How Monkey Looked for Trouble

In a tiny village in Trinidad there lived an old woman who made the most delicious
sweets. People would come from all around just to buy her candies at the village’s
market. One day, while walking to market, the old lady stubbed her toe on a stone and
her coconut cakes spilled everywhere.
“Oh look at this trouble here,” she said. “I can’t believe what trouble I’ve got. Now I’ll
have to go right back home!”
Monkey was sitting in a tree above the road and saw and heard everything. As the old
woman left he began to grow curious about her trouble. He scurried down the tree and
went to the trouble sprawled across the road. He tasted one of the coconut cakes and
exclaimed, “This trouble is most delicious! I shall go buy some more for myself!”
Monkey marched right into town and went to the nearest store. “I’d like to buy some
trouble,” he said. The merchant looked strangely at the little creature and asked, “Do you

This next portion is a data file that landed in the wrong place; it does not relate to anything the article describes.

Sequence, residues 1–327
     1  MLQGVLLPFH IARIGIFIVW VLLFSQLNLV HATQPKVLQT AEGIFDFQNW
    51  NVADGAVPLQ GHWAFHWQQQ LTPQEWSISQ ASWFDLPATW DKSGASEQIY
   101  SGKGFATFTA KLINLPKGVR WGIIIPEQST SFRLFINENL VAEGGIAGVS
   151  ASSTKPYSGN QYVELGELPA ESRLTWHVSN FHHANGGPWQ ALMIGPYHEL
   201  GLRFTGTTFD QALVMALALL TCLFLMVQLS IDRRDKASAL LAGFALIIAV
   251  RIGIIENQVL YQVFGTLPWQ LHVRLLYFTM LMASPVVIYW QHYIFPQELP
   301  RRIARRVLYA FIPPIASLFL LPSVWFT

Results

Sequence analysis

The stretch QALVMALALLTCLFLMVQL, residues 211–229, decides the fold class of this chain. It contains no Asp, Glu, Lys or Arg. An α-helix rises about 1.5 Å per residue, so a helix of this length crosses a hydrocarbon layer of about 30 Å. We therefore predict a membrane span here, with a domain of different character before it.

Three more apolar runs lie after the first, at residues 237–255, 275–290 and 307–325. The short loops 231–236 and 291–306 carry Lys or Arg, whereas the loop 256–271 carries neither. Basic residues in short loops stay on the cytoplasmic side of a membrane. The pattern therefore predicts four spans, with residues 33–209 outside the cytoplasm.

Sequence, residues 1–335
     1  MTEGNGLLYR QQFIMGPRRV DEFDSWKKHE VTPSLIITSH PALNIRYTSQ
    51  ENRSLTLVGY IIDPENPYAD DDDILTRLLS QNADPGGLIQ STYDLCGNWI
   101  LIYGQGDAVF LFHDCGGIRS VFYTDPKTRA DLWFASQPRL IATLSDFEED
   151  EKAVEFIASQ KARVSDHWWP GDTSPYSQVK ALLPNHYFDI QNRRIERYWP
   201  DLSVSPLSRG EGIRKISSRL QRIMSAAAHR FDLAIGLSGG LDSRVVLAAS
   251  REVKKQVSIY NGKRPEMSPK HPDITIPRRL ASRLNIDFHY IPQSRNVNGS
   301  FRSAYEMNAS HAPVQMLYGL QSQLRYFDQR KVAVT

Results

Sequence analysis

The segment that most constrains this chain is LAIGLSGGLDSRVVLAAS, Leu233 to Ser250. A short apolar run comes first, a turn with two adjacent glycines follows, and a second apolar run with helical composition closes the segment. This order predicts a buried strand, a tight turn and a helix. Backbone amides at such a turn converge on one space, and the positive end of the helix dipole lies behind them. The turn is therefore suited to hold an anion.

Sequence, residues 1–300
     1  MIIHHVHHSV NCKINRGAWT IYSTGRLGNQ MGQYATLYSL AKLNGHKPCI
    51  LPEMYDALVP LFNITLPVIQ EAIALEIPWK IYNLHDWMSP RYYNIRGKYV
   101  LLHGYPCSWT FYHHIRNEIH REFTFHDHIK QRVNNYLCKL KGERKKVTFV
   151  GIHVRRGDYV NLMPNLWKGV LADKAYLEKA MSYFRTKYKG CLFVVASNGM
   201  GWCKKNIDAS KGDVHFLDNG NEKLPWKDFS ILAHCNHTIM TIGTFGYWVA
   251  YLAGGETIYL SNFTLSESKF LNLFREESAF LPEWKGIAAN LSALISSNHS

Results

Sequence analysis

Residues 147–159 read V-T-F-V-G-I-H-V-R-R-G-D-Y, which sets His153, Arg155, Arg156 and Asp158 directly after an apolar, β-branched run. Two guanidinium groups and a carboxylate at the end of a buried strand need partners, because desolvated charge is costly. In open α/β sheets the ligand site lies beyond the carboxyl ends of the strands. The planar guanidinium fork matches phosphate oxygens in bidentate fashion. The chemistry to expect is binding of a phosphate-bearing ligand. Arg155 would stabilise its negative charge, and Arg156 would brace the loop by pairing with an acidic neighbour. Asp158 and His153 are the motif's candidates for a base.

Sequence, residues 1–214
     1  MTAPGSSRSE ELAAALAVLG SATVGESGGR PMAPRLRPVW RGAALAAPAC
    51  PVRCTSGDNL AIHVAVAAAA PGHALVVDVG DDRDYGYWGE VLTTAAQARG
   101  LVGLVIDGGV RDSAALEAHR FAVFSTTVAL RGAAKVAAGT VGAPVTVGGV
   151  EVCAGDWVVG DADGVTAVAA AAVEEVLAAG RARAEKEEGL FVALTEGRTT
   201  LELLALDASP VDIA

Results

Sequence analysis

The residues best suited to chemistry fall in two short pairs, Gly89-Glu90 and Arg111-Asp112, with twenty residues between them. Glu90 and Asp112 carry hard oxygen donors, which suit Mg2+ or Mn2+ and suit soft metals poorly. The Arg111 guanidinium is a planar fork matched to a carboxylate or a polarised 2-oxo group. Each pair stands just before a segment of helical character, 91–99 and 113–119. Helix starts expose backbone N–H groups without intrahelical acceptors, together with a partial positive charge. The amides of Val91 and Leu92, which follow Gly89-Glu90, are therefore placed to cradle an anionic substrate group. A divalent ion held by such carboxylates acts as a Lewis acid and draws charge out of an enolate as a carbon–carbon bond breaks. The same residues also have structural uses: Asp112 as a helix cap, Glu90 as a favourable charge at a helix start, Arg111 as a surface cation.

know what trouble is?”
“Yes, yes,” Monkey said impatiently. “Give me all you have and be quick about it.”
The shopkeeper shook his head with a little smile and soon brought out a large bag.
Monkey paid for it and left. As he dragged the bag down the road, he began to grow tired.
“My my, but this trouble is heavy. And what strange sounds it makes.” He eventually
came to a clearing and decided to open the bag and enjoy his treat. Licking his lips, he
loosened the top of the bag. Suddenly three fierce dogs burst from the bag, barking and
flashing their sharp teeth. Poor Monkey ran up the nearest tree and sat on a high branch,
shaking with fear as the dogs below barked and yapped at him. He grew hungrier and
hungrier and eventually picked a strange fruit from above his head. He stuffed it in his
mouth, not knowing that he was in a pepper tree. Oh! How that pepper burned his poor
little mouth. And he could not go get water until the dogs left the tree.
Eventually they did leave and Monkey was able to run to a nearby pond to cool his
burning tongue. And that is why Monkey stays high up in the treetops, far away from
trouble.

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